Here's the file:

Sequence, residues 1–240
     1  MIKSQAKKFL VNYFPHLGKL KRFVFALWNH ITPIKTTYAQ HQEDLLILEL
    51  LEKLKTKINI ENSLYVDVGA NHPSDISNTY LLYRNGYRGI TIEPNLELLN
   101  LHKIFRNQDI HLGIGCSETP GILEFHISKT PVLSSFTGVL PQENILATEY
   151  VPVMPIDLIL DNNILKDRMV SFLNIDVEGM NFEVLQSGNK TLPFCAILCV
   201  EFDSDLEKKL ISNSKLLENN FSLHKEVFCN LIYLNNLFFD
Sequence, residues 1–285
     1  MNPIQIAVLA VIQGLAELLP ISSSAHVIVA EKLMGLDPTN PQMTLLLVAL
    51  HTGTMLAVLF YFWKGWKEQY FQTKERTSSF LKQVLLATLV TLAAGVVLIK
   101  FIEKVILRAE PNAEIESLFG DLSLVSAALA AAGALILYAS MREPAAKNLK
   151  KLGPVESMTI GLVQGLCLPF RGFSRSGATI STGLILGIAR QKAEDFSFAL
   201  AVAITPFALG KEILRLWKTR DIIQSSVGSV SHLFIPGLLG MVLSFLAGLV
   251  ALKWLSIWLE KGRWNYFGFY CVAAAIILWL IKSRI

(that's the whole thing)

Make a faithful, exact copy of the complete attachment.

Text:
Sequence, residues 1–240
     1  MIKSQAKKFL VNYFPHLGKL KRFVFALWNH ITPIKTTYAQ HQEDLLILEL
    51  LEKLKTKINI ENSLYVDVGA NHPSDISNTY LLYRNGYRGI TIEPNLELLN
   101  LHKIFRNQDI HLGIGCSETP GILEFHISKT PVLSSFTGVL PQENILATEY
   151  VPVMPIDLIL DNNILKDRMV SFLNIDVEGM NFEVLQSGNK TLPFCAILCV
   201  EFDSDLEKKL ISNSKLLENN FSLHKEVFCN LIYLNNLFFD
Sequence, residues 1–285
     1  MNPIQIAVLA VIQGLAELLP ISSSAHVIVA EKLMGLDPTN PQMTLLLVAL
    51  HTGTMLAVLF YFWKGWKEQY FQTKERTSSF LKQVLLATLV TLAAGVVLIK
   101  FIEKVILRAE PNAEIESLFG DLSLVSAALA AAGALILYAS MREPAAKNLK
   151  KLGPVESMTI GLVQGLCLPF RGFSRSGATI STGLILGIAR QKAEDFSFAL
   201  AVAITPFALG KEILRLWKTR DIIQSSVGSV SHLFIPGLLG MVLSFLAGLV
   251  ALKWLSIWLE KGRWNYFGFY CVAAAIILWL IKSRI